Climate hazards are increasingly being felt in cities, and are experienced quite differently by the rich and the poor. I am interested in how all groups experience these impacts and respond to them. The high levels of inequality have driven my interest in social justice. I think we have an opportunity to use climate adaptation responses to do things differently and shift away from a neo-liberal agenda to a more inclusive development agenda. More specifically, I think the urban poor need to be part of driving adaptation responses, as they are the ones most exposed and vulnerable to climate hazards.
My work has a strong applied focus, where I work collaboratively with actors to explore problems and think about responses. As an academic, I write about these processes and understandings of the problem, but as an applied researcher, I collaborate around running processes to reflect on issues and find ways to work differently.
Recently I have been working on water issues in Cape Town, related to the 2015-2018 “Day Zero” drought crisis, but also to issues of flooding. I have worked both at the city level and at the neighbourhood level. At the city level I have sought to understand water and climate adaptation governance, and at the neighbourhood level I have worked with NGOs and social movements to understand water access and sanitation challenges. The shadow spaces concept resonates with my work because of how hard it is for the urban poor to be seen and heard when it comes to their concerns around flooding, water access, service delivery and climate change adaptation. Equally, at the City government level, there is a recognition of the scale of the problem, but difficulty in transforming approaches to be more inclusive, due to the constant demands of generating revenue and prioritizing the needs of the rich.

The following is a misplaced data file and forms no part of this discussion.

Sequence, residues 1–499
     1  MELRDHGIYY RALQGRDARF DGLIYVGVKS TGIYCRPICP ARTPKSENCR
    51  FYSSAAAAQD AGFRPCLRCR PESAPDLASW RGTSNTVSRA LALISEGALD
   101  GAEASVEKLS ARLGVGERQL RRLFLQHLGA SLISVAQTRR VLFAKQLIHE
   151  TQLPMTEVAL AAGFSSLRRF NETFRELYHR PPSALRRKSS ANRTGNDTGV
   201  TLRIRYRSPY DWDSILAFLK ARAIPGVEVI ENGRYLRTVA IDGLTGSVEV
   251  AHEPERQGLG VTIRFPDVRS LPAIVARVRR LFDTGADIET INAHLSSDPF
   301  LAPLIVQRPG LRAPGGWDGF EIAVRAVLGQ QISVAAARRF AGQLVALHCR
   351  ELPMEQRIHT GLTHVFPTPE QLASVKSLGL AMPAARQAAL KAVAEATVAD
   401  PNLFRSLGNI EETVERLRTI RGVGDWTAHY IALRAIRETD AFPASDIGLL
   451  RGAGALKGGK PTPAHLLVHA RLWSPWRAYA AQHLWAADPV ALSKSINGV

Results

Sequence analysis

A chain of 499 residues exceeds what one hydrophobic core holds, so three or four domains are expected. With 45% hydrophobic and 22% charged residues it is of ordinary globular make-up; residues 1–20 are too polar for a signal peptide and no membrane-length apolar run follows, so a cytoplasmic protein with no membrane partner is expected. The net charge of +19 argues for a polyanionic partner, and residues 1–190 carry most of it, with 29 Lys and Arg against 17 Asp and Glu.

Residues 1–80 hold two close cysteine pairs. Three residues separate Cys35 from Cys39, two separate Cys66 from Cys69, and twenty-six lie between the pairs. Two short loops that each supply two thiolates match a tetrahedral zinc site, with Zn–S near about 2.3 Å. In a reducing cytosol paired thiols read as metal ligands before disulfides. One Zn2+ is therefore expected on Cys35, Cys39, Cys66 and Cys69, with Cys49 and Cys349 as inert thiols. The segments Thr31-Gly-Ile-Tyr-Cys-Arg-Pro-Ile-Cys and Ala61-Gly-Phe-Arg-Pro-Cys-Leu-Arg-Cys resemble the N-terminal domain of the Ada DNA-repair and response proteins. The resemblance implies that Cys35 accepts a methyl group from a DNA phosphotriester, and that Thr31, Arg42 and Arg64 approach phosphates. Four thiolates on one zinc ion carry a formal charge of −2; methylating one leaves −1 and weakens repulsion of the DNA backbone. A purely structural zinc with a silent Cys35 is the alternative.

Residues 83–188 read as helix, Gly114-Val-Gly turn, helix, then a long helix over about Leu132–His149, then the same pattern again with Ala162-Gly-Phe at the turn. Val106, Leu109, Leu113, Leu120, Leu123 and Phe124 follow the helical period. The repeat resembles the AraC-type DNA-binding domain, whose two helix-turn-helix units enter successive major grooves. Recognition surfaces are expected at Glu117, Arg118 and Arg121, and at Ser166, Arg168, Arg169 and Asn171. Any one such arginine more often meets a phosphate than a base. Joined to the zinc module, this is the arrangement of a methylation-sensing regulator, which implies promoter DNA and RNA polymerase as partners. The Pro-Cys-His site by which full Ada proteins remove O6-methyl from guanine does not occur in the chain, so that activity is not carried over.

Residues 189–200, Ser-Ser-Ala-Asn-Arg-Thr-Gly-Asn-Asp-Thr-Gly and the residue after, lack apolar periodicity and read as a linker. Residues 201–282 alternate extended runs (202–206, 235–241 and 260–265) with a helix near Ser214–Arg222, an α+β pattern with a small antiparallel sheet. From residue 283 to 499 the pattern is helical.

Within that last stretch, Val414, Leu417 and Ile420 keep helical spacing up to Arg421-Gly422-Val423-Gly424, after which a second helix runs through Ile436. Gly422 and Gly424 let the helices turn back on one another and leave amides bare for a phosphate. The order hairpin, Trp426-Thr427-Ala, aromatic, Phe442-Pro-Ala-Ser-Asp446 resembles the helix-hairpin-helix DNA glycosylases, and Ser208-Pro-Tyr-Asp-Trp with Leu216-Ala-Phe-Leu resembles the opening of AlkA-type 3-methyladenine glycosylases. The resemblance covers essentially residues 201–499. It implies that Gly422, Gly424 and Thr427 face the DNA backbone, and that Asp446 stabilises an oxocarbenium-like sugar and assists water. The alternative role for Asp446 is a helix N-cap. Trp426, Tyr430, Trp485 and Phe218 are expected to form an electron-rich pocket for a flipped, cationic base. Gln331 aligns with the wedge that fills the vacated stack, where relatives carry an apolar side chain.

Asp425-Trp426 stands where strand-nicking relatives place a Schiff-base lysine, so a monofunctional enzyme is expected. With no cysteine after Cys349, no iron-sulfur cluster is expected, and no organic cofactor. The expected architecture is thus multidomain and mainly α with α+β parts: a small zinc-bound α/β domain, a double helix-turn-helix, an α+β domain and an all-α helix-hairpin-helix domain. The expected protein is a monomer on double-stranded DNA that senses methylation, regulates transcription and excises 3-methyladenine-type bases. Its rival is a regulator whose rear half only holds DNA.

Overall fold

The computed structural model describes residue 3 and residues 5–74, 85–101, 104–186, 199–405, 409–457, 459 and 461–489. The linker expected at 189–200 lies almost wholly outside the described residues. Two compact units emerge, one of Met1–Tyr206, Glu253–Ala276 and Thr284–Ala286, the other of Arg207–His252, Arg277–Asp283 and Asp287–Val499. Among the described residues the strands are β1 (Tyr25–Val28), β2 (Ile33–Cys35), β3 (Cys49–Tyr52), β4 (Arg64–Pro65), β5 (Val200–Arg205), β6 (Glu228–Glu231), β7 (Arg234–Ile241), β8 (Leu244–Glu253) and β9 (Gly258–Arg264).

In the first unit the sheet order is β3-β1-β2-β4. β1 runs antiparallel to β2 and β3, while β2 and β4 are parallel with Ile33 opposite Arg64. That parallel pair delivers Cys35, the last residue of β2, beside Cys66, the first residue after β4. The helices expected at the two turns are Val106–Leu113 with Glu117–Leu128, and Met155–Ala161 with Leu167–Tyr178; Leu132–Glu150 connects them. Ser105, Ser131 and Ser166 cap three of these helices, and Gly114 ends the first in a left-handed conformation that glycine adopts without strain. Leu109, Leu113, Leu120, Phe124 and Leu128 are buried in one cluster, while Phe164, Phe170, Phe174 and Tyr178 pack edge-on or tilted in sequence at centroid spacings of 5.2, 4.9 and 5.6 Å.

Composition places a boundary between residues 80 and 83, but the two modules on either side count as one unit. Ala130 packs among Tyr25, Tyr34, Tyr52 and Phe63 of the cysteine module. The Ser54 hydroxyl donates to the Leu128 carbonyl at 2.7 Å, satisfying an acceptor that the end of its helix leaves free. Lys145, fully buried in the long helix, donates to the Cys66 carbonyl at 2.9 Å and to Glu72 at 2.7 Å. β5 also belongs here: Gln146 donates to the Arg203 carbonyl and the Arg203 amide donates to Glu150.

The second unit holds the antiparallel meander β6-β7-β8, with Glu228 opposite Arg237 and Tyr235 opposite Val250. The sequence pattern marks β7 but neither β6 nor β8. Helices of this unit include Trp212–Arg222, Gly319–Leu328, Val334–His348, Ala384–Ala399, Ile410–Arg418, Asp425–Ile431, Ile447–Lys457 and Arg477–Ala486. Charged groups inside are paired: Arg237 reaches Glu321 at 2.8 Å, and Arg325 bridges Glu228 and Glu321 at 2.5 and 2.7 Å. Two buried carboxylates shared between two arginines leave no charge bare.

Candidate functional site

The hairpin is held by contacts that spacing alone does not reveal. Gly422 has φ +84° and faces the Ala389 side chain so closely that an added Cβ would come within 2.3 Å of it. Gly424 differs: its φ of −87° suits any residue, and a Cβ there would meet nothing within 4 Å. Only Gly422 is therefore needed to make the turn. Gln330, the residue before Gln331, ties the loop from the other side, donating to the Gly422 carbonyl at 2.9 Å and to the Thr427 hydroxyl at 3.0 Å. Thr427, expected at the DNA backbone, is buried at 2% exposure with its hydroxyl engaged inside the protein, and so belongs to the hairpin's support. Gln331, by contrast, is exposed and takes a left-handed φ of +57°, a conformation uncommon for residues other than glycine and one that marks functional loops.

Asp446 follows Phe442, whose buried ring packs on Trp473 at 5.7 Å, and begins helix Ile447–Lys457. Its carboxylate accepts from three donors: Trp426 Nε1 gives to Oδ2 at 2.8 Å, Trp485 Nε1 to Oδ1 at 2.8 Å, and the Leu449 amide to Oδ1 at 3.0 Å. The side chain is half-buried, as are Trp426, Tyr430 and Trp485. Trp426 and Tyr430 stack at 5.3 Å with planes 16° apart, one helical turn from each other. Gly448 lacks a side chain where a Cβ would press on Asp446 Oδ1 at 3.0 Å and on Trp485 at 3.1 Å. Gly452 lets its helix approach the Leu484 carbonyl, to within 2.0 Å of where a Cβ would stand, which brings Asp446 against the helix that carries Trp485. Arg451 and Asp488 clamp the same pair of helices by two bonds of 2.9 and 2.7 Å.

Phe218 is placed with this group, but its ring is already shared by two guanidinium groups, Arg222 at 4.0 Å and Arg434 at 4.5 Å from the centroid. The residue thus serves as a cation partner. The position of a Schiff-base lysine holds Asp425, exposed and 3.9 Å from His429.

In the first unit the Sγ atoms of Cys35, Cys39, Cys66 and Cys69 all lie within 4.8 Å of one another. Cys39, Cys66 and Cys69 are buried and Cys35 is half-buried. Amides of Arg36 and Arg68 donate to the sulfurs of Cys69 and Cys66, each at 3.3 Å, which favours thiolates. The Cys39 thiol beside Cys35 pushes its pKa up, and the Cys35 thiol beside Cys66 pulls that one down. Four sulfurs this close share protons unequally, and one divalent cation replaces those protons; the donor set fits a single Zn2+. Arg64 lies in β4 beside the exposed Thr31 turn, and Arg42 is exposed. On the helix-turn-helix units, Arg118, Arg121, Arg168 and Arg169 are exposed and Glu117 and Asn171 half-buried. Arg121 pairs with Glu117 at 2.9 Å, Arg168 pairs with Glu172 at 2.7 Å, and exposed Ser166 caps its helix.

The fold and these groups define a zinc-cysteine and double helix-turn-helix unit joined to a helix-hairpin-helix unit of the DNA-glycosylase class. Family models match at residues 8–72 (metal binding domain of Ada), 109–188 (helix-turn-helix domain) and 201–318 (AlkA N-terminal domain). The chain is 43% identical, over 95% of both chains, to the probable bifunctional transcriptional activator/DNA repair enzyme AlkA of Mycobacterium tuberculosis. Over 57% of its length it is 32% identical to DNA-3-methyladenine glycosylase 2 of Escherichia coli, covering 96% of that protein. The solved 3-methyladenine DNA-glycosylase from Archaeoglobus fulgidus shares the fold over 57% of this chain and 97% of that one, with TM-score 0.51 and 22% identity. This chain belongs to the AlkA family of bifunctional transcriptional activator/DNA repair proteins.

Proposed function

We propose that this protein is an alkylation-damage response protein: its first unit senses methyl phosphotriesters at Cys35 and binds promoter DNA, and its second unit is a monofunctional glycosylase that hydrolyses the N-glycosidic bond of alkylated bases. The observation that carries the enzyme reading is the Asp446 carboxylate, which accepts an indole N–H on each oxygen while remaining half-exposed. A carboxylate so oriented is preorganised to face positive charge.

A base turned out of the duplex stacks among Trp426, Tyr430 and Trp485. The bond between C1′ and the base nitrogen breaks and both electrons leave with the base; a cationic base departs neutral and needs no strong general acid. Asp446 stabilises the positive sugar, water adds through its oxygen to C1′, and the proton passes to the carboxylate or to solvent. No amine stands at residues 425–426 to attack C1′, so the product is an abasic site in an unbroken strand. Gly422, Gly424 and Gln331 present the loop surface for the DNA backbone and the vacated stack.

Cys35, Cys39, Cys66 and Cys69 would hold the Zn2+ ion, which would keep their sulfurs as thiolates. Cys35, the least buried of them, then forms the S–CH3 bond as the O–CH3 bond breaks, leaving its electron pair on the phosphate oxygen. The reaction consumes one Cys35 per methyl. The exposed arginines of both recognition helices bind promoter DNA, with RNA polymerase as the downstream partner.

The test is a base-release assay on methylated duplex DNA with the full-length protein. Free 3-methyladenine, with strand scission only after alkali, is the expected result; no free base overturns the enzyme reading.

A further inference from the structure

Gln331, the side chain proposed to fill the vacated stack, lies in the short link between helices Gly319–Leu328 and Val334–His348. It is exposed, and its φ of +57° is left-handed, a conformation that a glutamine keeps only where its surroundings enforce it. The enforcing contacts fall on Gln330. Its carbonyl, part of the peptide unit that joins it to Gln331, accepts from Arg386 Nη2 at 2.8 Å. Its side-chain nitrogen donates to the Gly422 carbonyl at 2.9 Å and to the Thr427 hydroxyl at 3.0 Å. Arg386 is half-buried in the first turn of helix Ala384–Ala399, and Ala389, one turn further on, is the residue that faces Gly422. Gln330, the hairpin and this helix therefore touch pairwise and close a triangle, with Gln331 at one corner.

For me, the biggest chance of adapting well to climate change is to focus more on connection to place and to others, particularly others who are different. Creating space for diversity to flourish is what is needed, yet so many fear. Innovation and solutions exist in unlikely places. We need to find ways to listen to these voices and support them.
I am an Associate Professor in the Department of Environmental and Geographical Science, and a Research Chair at the African Climate and Development Initiative at the University of Cape Town, South Africa.